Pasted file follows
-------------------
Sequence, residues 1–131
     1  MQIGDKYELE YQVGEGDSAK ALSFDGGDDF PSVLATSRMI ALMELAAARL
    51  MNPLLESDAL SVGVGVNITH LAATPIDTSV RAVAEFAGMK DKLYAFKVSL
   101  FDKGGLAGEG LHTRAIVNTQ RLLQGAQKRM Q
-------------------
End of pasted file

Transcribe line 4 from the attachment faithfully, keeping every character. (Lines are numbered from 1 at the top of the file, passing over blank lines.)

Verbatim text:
   101  FDKGGLAGEG LHTRAIVNTQ RLLQGAQKRM Q